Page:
2017 was the second warmest year ever recorded -- behind only 2016
- 2017 was the second warmest year on record, just ahead of 2015 and behind 2016, according to NASA.
- The five hottest years on record have all occurred since 2010.
- The warming is directly attributable to human-caused greenhouse gases like carbon dioxide.
Last year was the second warmest year on record since 1880, second only to 2016, NASA scientists said on Thursday.
The global average temperature for 2017 was 1.62 degrees Fahrenheit higher than the average temperature from 1951 through 1980, according to the group of scientists led by Gavin Schmidt at NASA's Goddard Institute for Space Studies.
2017 was also the third year in a row in which global temperatures were at least 1.8 degrees Fahrenheit above late nineteenth-century levels. Last year's average temperature was slightly higher than that in 2015, Schmidt said on a call with reporters.
Despite the US' recent bout of frigid weather and snowstorms, the planet's overall temperature has risen about 2 degrees Fahrenheit during the last century, and that warming is directly attributable to the greenhouse gases like carbon dioxide that humans have pumped into the atmosphere.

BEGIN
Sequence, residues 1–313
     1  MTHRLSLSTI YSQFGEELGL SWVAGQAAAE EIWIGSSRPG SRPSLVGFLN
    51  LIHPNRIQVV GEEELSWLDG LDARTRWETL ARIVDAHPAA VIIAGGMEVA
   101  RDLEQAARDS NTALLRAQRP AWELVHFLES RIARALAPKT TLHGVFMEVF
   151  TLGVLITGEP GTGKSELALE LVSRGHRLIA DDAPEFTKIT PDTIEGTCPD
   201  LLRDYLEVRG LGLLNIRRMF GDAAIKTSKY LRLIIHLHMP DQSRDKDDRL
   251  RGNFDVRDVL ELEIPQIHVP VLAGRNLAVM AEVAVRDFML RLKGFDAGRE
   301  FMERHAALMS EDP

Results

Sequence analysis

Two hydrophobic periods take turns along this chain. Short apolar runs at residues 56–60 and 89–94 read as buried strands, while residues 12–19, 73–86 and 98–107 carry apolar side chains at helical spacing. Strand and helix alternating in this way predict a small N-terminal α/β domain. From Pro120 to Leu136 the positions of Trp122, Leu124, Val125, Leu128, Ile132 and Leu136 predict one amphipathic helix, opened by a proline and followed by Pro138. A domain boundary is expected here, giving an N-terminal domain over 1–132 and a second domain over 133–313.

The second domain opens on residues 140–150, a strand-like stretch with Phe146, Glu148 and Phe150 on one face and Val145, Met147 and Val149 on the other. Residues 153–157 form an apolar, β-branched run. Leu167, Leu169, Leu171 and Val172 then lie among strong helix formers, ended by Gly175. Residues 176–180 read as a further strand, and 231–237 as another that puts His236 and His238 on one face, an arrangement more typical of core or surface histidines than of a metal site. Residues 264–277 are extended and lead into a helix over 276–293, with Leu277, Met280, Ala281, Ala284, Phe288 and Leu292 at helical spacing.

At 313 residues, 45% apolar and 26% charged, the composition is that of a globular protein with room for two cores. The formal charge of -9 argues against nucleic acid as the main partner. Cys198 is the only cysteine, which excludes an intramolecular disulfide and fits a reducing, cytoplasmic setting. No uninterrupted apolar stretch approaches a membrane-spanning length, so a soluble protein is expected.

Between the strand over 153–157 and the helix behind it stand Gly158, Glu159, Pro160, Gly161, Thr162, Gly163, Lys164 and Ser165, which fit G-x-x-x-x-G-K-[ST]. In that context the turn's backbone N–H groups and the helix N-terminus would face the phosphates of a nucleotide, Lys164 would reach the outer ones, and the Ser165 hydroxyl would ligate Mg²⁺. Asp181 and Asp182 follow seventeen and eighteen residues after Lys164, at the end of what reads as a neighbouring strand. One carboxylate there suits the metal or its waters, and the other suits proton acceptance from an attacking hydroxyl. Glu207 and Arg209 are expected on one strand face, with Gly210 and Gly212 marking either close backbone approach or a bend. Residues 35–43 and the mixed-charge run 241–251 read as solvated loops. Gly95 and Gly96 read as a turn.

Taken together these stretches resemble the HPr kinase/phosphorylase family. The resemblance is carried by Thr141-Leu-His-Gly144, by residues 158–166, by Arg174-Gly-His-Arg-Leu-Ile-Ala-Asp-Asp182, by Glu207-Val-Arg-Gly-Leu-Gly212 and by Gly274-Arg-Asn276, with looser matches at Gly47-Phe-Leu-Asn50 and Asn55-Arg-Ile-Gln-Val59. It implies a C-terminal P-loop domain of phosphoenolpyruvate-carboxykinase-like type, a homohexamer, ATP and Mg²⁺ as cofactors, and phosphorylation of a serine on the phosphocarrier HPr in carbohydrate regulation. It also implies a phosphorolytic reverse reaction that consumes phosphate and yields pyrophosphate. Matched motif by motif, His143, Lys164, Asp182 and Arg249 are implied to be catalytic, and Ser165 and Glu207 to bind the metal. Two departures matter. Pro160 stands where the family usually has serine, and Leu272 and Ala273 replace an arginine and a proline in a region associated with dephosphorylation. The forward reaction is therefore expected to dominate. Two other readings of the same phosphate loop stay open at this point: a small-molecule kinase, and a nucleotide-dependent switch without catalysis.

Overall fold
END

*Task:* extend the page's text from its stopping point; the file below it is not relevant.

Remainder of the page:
"Despite colder than average temperatures in any one part of the world, temperatures over the planet as a whole continue the rapid warming trend we’ve seen over the last 40 years," Schmidt said, adding, "Basically all the warming in the last 60 years is attributable to human activity. Carbon dioxide emissions are one component of that."
(Credits: NASA’s Scientific Visualization Studio)
Temperatures in 2015 and 2016 were affected by an El Nino event, in which warmer Pacific Ocean currents cause warming across the globe, NASA said. If El Nino's effect were statistically removed from the record, 2017 would actually have been the warmest year.
A separate, independent analysis from the National Oceanic and Atmospheric Administration determined that 2017 was the third-warmest year in their record. The quibble is because NOAA uses a different method to measure temperatures in the planet's polar regions — which are warming faster than anywhere else — Deke Arndt, a climate scientist at NOAA, said on the call with reporters.
Both analyses note the same long-term warming trend, however: The five warmest years on record have all taken place since 2010.
Last year, scientists also observed massive declines in sea ice in the Arctic and Antarctic. When sea ice levels decline, that can create a vicious cycle that increases the rate at which more ice melts.
"The absence of sea ice means less sunlight is reflected back to the surface, and that tends to add to the heating already underway," Arndt said.
The warming planet is already causing wide-ranging problems for endangered species, like green sea turtles, as well as residents of coastal cities.
The US spent more money on weather-related disasters like wildfires and hurricanes in 2017 than any other year, according to a recent analysis from NOAA. Such extreme events are only expected to get more frequent and severe as the Earth's average temperature continues to rise.
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